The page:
On-Location Filming in LA Drops 36% in Q4 Despite Hollywood Strikes Resolution

Production activity for 2023 fell 32.4% year over year, according to FilmLA

Jason Mraz and partner Daniella Karagach earned all 10s for their Argentine Tango on Week 9 of "Dancing WIth the Stars"
Jason Mraz and partner Daniella Karagach earned all 10s for their Argentine Tango on Week 9 of "Dancing WIth the Stars" (Credit: Disney/Eric McCandless)

On-location filming fell 36.4% year over year during the fourth quarter of 2023 with a total of 5,520 shoot days, indicating that the resolution of the dual Hollywood strikes were too late for productions to begin picking up before the end of the year.

The findings, which determined an overall decline of 32.4% for 2023 year over year came Tuesday from FilmLA, the partner film office for the City and County of Los Angeles and other local jurisdictions. That percentage summarizes four consecutive quarters of double-digit decline in production activity with a total of 24,873 shoot days.

“History offers no point of comparison to the present. The pandemic year aside, we have to look very far back — farther back than permit records allow — to find a time when production levels stayed so low, for so long,” FilmLA president Paul
Audley said in a statement. “Everyone we are speaking to is eager to see production resume. Even as it does, we’ll remain in uncharted territory. We have months to go before we can describe what the new normal looks like for filming in L.A.”

Despite being able to resume filming in November, only a handful of continuing series attempted new episodes, resulting in television production falling 54.3% to a total of 1,707 shoot days for the quarter and 43.8% for 9,430 shoot days for the year.

The majority of TV production since May came from reality series, which was down 29.2% to 1,425 shoot days in the fourth quarter and 28.1% to 7,221 shoot days for 2023. Overall, the category comprised 76.5% of all on-location TV production in 2023. Local reality productions included “Dancing With the Stars” (ABC), “Death in the Dorms” (Hulu), “Master Chef” (Fox), “Selling Sunset” (Netflix) and “Murder in the Heartland” (Investigation Discovery).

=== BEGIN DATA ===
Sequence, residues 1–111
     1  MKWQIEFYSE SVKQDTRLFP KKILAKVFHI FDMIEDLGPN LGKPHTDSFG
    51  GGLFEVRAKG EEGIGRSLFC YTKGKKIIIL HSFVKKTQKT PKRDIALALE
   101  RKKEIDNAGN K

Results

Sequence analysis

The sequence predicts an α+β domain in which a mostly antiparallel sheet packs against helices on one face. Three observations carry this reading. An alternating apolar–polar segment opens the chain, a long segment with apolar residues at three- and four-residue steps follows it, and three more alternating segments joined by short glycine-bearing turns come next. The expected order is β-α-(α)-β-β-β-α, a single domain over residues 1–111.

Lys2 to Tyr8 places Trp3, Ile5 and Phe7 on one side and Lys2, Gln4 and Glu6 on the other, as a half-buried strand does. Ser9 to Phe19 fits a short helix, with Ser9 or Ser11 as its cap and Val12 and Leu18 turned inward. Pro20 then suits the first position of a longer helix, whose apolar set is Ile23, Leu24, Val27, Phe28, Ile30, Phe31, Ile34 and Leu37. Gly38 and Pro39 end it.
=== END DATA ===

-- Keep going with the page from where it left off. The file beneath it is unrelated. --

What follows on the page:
Productions on TV dramas and comedies dropped 91.3% and 85.6%, respectively, from October through December. Dramas had a total of 101 shoot days in 2023, compared to 1,155 in 2022, while comedies had 51 shoot days in 2023, compared to 353 in the prior year. Projects that qualified for California’s Film & TV Tax Credit Program logged 25 shoot days.

The shows quickest to return to production included “Loot” (Apple TV+), “The Family Business” (BET+), “Quantum Leap” (NBC), “The Rookie” (ABC), “S.W.A.T.” (CBS) and “Unstable” (Netflix).

Feature film production also took a hit, with a 57.5% drop to 323 shoot days in the fourth quarter. The majority of projects in production during the summer were smaller, independent productions, among a few moving forward under SAG-AFTRA interim agreements. “Hurricana,” “Shell” and “Starstruck” qualified for the film and television tax credit, generating a total of 28 shoot days.

Elsewhere, web and television commercials slipped 9.9% year over year to 746 shoot days, which were unaffected by the strikes but trended lower due to runway production. Commercials made in L.A. included automobile ads for BMW, Chevy, Honda, Lincoln, Nissan and Toyota. Retailers such as Best Buy, Walmart and Walgreens also shot spots locally.

Meanwhile, FilmLA’s “other” category, which aggregates smaller, lower-cost shoots such as still photography, student films, documentaries, music and industrial videos and other projects, declined 18.1% to 2,744 shoot days for the quarter and 20.7% percent to 10,157 shoot days for the year.

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